Long before "Linsanity" hit New York, there was merely Jeremy Lin, a high school basketball player with Advanced Placement grades that made friends envious.
Lin starred on Palo Alto High School's 32-1 team in 2006. He was long and lithe at 6-foot-2, fundamentally sound and a team leader who wore youthful expressions of glee and pride.
Lin looks and performs the same today as he turns the basketball world upside down for the Knicks with victories and a sudden Tim Tebow-like maniacal following.
Remarkably, Lin is averaging more points in his recent NBA breakthrough than he did at Palo Alto, where he beat teams with an array of jumpers, runners and back-door assists in capping his high school career with a CIF Division II state championship at Arco Arena.
The Vikings won by seven or fewer points 10 times during Lin's senior season, and each time he played a critical role, his prep coach, Peter Diepenbrock, recalled.
Lin dropped in late baskets and found cutters to beat Laguna Creek 52-46 in a NorCal playoff game at Palo Alto's cramped gym, built 85 years ago and plucked out of the movie "Hoosiers."
Nearby, Stanford football player Matt Traverso had read about Lin's success at Palo Alto, where he averaged 16 points, seven rebounds and seven assists.
Traverso had played basketball at Christian Brothers under Jim Stephens, who had become Laguna Creek's coach. Before the NorCal game, Traverso talked to Laguna Creek's players.
"I'd heard so much about (Lin), and everything was true," said Traverso, now a legislative analyst in Sacramento. "I was sort of a consultant for Laguna that night, sat on their bench. Told the guys to put a body on Lin, to keep him out of the lane, but Lin was amazingly quick. He was ahead of everyone else.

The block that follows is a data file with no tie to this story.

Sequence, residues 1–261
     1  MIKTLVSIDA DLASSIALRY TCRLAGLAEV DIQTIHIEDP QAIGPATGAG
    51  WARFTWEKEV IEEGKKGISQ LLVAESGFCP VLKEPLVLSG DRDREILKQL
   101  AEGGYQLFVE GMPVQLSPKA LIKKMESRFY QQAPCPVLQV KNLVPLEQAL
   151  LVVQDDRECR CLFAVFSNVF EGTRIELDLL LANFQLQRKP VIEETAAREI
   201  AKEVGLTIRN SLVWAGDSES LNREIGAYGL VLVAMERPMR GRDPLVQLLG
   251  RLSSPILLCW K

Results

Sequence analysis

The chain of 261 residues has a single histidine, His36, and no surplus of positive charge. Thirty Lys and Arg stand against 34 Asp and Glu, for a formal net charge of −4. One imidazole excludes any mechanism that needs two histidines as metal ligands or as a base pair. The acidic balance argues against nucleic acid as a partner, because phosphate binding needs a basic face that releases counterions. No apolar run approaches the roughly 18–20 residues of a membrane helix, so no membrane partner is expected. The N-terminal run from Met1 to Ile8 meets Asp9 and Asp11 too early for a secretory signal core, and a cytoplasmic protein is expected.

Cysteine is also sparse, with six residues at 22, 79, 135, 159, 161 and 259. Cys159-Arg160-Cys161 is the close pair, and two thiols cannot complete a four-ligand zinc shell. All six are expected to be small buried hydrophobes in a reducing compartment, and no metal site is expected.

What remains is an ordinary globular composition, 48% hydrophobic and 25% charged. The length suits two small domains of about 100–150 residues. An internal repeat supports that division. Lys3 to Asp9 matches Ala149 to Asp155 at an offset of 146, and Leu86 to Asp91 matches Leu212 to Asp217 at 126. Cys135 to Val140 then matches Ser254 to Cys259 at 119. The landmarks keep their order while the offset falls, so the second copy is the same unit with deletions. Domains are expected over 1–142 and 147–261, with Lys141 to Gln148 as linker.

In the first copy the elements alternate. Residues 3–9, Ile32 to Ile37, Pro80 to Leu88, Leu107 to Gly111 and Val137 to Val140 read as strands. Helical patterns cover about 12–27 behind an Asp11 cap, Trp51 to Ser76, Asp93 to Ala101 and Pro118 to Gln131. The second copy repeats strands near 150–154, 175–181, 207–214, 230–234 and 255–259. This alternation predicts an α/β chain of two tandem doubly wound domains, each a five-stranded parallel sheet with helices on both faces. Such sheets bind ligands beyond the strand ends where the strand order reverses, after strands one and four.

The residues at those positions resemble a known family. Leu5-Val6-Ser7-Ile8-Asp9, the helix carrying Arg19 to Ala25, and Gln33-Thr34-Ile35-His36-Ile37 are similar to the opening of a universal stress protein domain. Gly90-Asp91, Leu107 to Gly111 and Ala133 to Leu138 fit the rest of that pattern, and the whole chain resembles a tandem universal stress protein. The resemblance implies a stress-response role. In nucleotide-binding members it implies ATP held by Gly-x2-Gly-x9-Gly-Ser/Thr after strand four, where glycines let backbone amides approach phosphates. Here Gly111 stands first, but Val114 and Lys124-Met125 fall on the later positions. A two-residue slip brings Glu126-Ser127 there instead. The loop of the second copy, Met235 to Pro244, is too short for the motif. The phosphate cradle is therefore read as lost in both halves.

"Everyone was at one speed, and he was faster, better, and he could see things in slow motion, so he controlled the pace. Coach Stephens had a wonderful game plan, but in the end, the cream rises to the top. What (Lin's) done since then, in the NBA, is a great story because he's a kid who has worked hard, played the game the right way, and you root for that."
Said Stephens: "Lin had complete control of the ball. We tied the game with two minutes left and then "
Then Lin finished Laguna Creek off.
Lin had a following, though no one held signs of "Linsanity." One fan did have a "Lin Means Win" sign, and another had "Lin is In."
Half of Palo Alto seemed to march into Arco in 2006, and Lin was the first one mobbed after the school called "Paly" beat Mitty of San Jose in the NorCal final and then toppled nationally ranked Mater Dei of Santa Ana 51-47 in the state title game.
In the final, the Vikings chopped down a team that had seven players 6-7 or taller behind Lin's 17 points and eight rebounds.
After that game, Diepenbrock received a flood of congratulatory emails and one sour one from a fan disgusted that the coach couldn't land Lin a college scholarship. "You've failed him," the fan wrote. "My sons will never get a chance to see him play."
Diepenbrock certainly tried, but despite Lin's skills and grades, no scholarships offers came. Cal and Stanford invited him to walk on, but Lin wound up at Harvard and flourished. The Ivy League school has now produced eight U.S. presidents and three NBA players.
Lin signed with Golden State after going undrafted. After one season, the Warriors waived him. After Houston cut Lin, New York nearly waived him as well before he finally got his shot and ran with it.
"When a player is playing that well, he doesn't come out of nowhere," Kobe Bryant told New York reporters Friday after the Knicks beat the Los Angeles Lakers behind Lin's career-high 38 points. "It seems like he comes out of nowhere. Go back and take a look, and the skill level was probably there from the beginning. It's just that we didn't notice it."
Diepenbrock sure did. The retired coach said Lin remains as fundamentally sound a player as he's ever seen. Is he surprised at Lin's success now?
Everyone is, Lin included, Diepenbrock said.
"Unreal," Diepenbrock said of Lin's journey to sudden NBA fame, adding he still speaks with his former star. "And it keeps getting more unreal by the moment. I mean, unbelievable, right?"